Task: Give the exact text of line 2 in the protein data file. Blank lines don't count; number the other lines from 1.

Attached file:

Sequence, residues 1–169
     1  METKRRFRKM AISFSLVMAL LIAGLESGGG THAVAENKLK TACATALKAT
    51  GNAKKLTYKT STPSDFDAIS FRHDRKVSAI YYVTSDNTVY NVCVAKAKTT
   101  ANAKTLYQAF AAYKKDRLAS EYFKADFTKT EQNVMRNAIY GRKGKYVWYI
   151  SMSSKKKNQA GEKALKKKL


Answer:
     1  METKRRFRKM AISFSLVMAL LIAGLESGGG THAVAENKLK TACATALKAT